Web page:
September 4, 2012
Thirty-five years ago today, Southern California welcomed a bold endeavor, but one that got off to a pretty quiet start. This new enterprise opened with little fanfare on the day after Labor Day, 1977, starting life with two employees, a broken phone, and some rented furniture, and working out of a storefront office in a mostly abandoned outdoor shopping mall.
Over time, more space was acquired, more employees hired, and more awareness raised about the new venture, and by the time fall 1978 rolled around, 36 adventurous and committed souls had agreed to become the inaugural class of the College of Osteopathic Medicine of the Pacific.
I have been thinking a great deal lately about that first class of students, about their dreams, their commitment, and their willingness to take a chance on the unknown. In those early days of COMP, there were no guarantees that what we knew to be a worthy and needed addition to health-sciences education would even survive, much less thrive. As I did then, I today commend the members of the Class of 1982 for being possessed of the attitude, aptitude, and ambition necessary not only to become physicians, but to be the first worldwide ambassadors for what is now known as Western University of Health Sciences.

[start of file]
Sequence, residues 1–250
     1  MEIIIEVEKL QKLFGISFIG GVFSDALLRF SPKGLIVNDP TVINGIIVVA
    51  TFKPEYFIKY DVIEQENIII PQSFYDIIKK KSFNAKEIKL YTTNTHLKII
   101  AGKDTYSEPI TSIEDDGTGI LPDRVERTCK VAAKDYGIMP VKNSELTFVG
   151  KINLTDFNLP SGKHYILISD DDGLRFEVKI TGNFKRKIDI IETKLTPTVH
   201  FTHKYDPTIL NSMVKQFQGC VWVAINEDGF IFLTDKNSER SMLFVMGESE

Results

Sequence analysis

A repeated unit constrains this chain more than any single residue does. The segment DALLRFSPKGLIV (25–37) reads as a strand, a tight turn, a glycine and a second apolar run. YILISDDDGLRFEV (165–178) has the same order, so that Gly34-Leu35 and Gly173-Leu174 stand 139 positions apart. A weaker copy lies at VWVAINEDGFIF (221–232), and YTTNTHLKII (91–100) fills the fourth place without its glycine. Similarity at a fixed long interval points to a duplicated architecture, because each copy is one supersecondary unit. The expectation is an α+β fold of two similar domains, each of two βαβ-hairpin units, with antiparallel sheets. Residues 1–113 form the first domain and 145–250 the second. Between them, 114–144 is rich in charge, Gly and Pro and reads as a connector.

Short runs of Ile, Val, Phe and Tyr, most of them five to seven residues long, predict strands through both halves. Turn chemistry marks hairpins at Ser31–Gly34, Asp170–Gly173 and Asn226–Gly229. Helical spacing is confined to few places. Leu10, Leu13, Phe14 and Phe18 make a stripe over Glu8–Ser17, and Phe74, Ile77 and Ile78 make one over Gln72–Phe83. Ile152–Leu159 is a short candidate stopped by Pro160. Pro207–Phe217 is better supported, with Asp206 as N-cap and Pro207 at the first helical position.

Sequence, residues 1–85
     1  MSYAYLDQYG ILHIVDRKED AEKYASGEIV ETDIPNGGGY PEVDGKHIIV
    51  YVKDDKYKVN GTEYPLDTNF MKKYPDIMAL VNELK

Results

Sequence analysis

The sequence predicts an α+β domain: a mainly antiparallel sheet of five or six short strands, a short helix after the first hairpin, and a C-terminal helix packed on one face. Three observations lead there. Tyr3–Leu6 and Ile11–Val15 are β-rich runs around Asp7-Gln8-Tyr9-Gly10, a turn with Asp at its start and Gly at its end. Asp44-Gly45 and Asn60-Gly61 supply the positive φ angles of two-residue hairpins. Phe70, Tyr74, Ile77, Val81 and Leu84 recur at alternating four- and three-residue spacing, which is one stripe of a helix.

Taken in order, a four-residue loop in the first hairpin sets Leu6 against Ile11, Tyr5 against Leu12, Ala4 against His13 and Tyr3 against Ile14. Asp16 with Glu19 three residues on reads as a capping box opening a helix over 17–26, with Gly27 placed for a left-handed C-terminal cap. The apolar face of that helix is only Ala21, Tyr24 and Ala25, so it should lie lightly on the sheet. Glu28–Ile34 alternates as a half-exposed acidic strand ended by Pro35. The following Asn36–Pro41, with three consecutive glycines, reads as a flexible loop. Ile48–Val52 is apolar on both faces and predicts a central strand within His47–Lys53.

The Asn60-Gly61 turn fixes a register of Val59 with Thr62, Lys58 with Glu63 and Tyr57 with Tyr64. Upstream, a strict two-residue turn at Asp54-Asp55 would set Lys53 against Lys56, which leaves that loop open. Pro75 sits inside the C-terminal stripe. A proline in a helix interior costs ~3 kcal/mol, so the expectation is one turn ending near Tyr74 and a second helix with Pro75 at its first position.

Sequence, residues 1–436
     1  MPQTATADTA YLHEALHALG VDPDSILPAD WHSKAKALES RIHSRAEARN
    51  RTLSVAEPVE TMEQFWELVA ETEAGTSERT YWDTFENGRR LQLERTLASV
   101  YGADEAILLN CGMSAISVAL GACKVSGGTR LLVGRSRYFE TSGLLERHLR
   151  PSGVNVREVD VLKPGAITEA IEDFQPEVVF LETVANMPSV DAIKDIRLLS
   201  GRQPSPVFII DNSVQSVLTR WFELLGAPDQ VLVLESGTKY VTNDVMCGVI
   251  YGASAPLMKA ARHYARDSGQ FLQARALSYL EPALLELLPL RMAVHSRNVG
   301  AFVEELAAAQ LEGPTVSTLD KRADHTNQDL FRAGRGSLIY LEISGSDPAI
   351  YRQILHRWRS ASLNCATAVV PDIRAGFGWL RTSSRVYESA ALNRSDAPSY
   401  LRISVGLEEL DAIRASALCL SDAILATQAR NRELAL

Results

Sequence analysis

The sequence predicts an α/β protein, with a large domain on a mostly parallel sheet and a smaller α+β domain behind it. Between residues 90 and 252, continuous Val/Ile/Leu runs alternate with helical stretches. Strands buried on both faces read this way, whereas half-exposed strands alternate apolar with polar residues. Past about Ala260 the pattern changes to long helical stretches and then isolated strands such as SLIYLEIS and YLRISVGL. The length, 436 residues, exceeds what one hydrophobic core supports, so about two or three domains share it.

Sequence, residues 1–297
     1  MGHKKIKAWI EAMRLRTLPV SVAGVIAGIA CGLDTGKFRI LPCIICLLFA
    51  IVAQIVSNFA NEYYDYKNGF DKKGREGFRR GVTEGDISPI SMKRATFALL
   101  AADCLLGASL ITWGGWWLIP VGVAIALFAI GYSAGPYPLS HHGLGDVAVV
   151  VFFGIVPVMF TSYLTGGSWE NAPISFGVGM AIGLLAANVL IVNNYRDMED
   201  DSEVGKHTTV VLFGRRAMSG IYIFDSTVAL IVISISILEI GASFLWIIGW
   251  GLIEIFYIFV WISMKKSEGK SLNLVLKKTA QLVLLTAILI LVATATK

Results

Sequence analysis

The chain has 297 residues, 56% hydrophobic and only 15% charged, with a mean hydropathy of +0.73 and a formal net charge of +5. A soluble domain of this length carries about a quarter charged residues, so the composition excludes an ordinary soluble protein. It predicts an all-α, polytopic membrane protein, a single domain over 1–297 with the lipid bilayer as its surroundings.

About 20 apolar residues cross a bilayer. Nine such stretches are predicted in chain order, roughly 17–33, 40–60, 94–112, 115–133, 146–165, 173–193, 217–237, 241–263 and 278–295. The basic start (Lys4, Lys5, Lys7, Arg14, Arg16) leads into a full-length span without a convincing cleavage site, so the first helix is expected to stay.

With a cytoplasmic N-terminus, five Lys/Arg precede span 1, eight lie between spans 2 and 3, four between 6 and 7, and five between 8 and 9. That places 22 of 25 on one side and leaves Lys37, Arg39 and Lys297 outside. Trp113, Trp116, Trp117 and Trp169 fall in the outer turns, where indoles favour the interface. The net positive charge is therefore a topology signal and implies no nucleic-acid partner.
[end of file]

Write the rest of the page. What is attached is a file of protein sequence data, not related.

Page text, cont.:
Too, I commend the staff and faculty who were the early builders of our curriculum and operations, and who embraced the philosophy of humanism and compassionate care not only in their instruction and dealings with our students, but with one another and with the community we call home. COMP, and now WesternU, has always been more than just a school. It is a valued community resource, partner, and friend, and serves as a beacon to all of what is possible when dreams, goals, commitment, and caring intersect.
The bold endeavor begun 35 years ago has become even more successful than we could possibly have imagined those many years ago. As I walk around our campuses in Pomona and Lebanon today, greeting our more than 3,500 students and more than 1,000 employees, I am consistently amazed and grateful that, regardless of how large our institution has become, we have never lost sight of what got us here: a mission to provide competent, compassionate care to all who seek it, and to live that mission through all that we do.
It's my great pleasure today to mark WesternU's 35th anniversary with all of you. Much has been accomplished since 1977, and much remains to be done. As we celebrate our past, let's also embrace the opportunities the present and future provide, and embark on bold endeavors each and every day.
My best to you all,